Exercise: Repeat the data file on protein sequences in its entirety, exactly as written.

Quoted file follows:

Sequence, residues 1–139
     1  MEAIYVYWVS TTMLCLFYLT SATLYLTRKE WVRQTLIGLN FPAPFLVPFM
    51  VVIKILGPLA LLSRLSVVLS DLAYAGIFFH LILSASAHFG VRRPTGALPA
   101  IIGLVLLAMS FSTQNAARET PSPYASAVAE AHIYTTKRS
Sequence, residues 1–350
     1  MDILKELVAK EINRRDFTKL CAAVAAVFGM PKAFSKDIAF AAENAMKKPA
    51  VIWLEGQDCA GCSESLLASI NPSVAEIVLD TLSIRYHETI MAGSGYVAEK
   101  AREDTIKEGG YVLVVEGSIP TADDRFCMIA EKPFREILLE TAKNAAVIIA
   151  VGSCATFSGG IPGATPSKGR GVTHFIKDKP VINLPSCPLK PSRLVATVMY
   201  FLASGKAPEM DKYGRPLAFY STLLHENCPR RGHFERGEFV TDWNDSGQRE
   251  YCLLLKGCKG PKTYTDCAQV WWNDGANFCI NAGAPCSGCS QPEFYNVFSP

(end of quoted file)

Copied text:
Sequence, residues 1–139
     1  MEAIYVYWVS TTMLCLFYLT SATLYLTRKE WVRQTLIGLN FPAPFLVPFM
    51  VVIKILGPLA LLSRLSVVLS DLAYAGIFFH LILSASAHFG VRRPTGALPA
   101  IIGLVLLAMS FSTQNAARET PSPYASAVAE AHIYTTKRS
Sequence, residues 1–350
     1  MDILKELVAK EINRRDFTKL CAAVAAVFGM PKAFSKDIAF AAENAMKKPA
    51  VIWLEGQDCA GCSESLLASI NPSVAEIVLD TLSIRYHETI MAGSGYVAEK
   101  AREDTIKEGG YVLVVEGSIP TADDRFCMIA EKPFREILLE TAKNAAVIIA
   151  VGSCATFSGG IPGATPSKGR GVTHFIKDKP VINLPSCPLK PSRLVATVMY
   201  FLASGKAPEM DKYGRPLAFY STLLHENCPR RGHFERGEFV TDWNDSGQRE
   251  YCLLLKGCKG PKTYTDCAQV WWNDGANFCI NAGAPCSGCS QPEFYNVFSP